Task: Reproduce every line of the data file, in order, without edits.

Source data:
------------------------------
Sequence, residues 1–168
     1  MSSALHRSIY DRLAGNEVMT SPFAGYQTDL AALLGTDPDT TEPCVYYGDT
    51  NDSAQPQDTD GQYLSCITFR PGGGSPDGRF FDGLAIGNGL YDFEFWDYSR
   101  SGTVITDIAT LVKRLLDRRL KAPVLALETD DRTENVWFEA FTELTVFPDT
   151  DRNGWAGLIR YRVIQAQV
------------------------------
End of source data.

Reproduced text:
Sequence, residues 1–168
     1  MSSALHRSIY DRLAGNEVMT SPFAGYQTDL AALLGTDPDT TEPCVYYGDT
    51  NDSAQPQDTD GQYLSCITFR PGGGSPDGRF FDGLAIGNGL YDFEFWDYSR
   101  SGTVITDIAT LVKRLLDRRL KAPVLALETD DRTENVWFEA FTELTVFPDT
   151  DRNGWAGLIR YRVIQAQV